2. I think it may be the tanin in the oak, (the chemical that makes it possible to ebonize oak) but I made my own wood putty to fill the few finishing nail holes there were. I used a mixture of fine sawdust from the random orbit sander and some of my Gorilla brand wood glue, but I think the tanin in the oak reacted with the moisture in the glue and it looked good to start but after it dried it turned dark, dark, dark. Ugly dark.
After it was dried I couldn't think of any decent way to dig out the black to fix it without causing greater damage, they are small spots and maybe most people miss them, but to me they stand out like the popcorn lights on top of a police car. I pondered my options and decided the enemy of good is perfect, I left it alone, but had I known I would have gone out and bought a commercial filler instead. Just wish I fully understood what happened here, If you know, or even have a guess, please leave a comment. I'd appreciate any input I can get on this.

3. The only other big thing is making the mistake of trying to measuring to mount the hinges on the front panel of the case instead of the back panel, I caught myself before I made a cut with a saw, but not before I struck the line with a chisel, leaving a mark a little too deep to be sanded out, again the enemy of good is perfect, I left the lines and I think they only stand out horribly to me.

4. It would have been very interesting to try and build this piece with riven, green oak. I understand it is much easier to work and infact the build would have been even more period accurate if I'd had that option. Maybe at some point in the future the opportunity will arise and I will have the chance to take advantage.

What's next on my plate? Well I'm going to knock around the shop a bit, I have a turning project a friend of mine has requested that should be fun once we settle on a design. I do have someone who has enquired about building an Arts & Crafts style sideboard, we looked at some options but I'm thinking the upcoming cover project for Popular Woodworking may be just what she's looking for. If so that will be the first time I've built a piece directly from a magazine plan and I think that will be an interesting experience, look forward to plenty of posts about that journey if the plan goes forward. Other than that I have a few things I want to build for the shop. A modification to my Moxon Twin Screw Vise and a Saw Till are at the top of my list, but I'd really also like to come up with a good way to organize my sand paper. We'll see what I can come up with there.



Thursday, August 19, 2010

Conspiracy Theory

Before I start I want to add a little disclaimer, If you easily get squeamish or sick at the sight of a wound or blood, then you should skip this post. I don't think there is nothing over the top here, it's a story about a small wound suffered tonight, I'll be 100% in 10 days at the most but I don't want to ambush anyone who can't take it.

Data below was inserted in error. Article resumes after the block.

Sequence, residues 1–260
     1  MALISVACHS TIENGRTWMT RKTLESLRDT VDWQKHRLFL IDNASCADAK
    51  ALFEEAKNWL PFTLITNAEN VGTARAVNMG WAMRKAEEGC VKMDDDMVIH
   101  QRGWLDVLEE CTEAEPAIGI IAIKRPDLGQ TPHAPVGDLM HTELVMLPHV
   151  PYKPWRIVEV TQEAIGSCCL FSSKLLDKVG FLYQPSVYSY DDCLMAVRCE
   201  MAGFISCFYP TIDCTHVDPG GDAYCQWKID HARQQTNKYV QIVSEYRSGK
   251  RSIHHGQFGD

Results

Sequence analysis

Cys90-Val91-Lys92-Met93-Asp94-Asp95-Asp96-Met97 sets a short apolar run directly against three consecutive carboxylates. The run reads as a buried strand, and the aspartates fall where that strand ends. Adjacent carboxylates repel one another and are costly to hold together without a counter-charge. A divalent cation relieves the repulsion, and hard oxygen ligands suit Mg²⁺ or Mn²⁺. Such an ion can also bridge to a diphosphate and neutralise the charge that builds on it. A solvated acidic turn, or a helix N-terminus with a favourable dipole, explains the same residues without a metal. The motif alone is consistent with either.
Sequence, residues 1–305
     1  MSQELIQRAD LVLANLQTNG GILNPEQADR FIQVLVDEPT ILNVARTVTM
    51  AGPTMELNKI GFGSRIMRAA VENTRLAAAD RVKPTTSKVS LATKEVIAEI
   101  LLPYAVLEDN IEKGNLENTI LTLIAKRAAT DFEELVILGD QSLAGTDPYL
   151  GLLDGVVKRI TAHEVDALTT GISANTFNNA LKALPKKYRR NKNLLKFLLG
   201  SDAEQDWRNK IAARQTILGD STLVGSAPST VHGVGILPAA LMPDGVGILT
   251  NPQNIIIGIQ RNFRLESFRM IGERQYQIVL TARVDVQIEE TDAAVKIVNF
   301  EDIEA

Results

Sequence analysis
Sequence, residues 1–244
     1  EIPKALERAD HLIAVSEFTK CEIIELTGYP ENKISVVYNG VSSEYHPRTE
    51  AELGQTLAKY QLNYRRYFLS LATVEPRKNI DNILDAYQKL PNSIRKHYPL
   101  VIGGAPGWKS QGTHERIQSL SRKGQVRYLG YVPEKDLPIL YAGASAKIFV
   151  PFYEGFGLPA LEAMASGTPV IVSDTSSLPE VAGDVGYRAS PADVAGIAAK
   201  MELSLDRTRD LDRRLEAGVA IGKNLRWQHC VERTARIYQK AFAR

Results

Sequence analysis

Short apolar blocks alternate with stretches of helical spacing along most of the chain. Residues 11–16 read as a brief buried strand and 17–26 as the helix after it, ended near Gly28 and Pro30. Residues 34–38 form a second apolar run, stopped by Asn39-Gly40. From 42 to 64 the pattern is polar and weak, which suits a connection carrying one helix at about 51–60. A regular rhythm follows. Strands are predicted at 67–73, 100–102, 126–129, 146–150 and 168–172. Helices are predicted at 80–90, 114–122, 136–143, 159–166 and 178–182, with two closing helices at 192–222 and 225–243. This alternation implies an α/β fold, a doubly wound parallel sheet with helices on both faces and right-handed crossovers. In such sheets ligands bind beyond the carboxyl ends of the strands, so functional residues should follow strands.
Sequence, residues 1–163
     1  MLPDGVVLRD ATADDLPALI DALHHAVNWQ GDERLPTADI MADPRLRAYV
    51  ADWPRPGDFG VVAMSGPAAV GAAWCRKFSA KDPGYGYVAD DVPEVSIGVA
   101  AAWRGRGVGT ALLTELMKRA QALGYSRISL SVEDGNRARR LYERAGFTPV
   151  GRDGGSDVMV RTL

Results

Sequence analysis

I have to laugh, just the other day I posted a article on this blog inspired by Adam Cherubini's Global War on Table Saws, Not agreeing and not in opposition, just in parallel. If you want to read it you can find it HERE.

Well tonight it seems my hand tools have risen up against me in response to my reassembly of the table saw. I'm sure they quietly huddled in the corners of the shop, holding secret meetings when I wasn't looking or wasn't there. It makes me think of those old WWII POW camp movies, but instead of digging a hole to get outta there, they were plotting revenge.

I'm sure there was one final meeting to select the one who would make the strike. The hammers were ruled out, to be taken serious they would probably cause too much damage. The hand saws felt they would be too obvious the culprits. The others all lined up and drew lots. My 1" wide Irwin chisel drew the black lot. He waited until I was comfortable, until he had been newly sharpened, until late in the day. He had already done a lot of work for me today, but he wasn't done. I was cutting a row of dovetails for a upgrade to my Moxon twin screw vise, I'm sure I'll get the pics up here about the idea soon, I ate some supper and returned to the shop to pare the joints to a tight fit. I made a heavy push to pare away some wood and the chisel struck, jumped off the board and bit into the meat on the fingertip pad of my left ring finger. I knew it was not good instantly. I grabbed a bottle of water and dumped it over the wound as the blood began to flow. Yup I didn't have to work had to figure it out, This was gonna need stitches.